Illusion of Control
The game cheats or hides information to make you think you're better than you actually are.
Games may make you think that you are getting better and better, when in reality you are just unlocking better tools inside the game. Perhaps the game doesn't even have a component of skill at all and it just makes you feel like you have some amount control over the outcome. If a game is doing this, it is trying to make you feel like your apparent skill is greater than your actual skill.
For example, a claw machine doesn't always grab at full force, it cheats and makes it impossible to grab an item until it decides it's time to give a prize. This makes you feel like you did a good job at aiming the claw and that you are getting better, even though it's random chance.
Another way that games manipulate information to make you feel more skilled than you actually are is by grouping players into isolated worlds. These are sometimes called "shards". In a competitive game with a single leaderboard, it would be very discouraging to have a rank of 124,204. Instead, what games do is they break people up into tiny groups or shards. Maybe only a few thousand people per shard, and you only compete with those people. Your rank may be 283 which sounds a lot better. Being the 283rd best player in the world is pretty encouraging, but the game doesn't tell you that you are only competing against a small percentage of the players. This makes you feel like you are more skilled than you actually are.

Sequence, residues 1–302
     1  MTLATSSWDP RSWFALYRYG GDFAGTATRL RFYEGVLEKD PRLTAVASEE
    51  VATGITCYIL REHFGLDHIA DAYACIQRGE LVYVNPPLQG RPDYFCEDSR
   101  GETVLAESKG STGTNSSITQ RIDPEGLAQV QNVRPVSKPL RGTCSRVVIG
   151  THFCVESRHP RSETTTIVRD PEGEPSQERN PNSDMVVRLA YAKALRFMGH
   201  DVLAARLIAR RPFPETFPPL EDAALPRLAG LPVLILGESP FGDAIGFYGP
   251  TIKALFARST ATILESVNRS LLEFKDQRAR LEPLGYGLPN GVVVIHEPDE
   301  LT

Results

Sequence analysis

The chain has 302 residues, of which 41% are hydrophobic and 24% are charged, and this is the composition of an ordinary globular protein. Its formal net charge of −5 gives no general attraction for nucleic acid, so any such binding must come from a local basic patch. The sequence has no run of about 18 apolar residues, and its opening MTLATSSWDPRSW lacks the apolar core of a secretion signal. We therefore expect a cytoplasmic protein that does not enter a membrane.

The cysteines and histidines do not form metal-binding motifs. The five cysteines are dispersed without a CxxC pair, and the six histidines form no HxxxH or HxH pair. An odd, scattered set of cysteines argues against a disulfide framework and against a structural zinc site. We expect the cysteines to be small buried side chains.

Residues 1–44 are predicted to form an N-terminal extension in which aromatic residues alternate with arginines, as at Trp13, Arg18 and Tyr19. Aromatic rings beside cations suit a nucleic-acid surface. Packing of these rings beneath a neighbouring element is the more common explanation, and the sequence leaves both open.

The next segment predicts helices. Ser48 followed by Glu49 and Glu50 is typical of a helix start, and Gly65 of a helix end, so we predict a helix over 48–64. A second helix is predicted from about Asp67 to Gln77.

Games may also randomize the difficulty of the game to make it more interesting. This is why you may get an easy level immediately following a difficult level. If the difficulty secretly becomes easier, you may feel like your skill has increased when it really hasn't and this feeling of control may get you to play the game more often.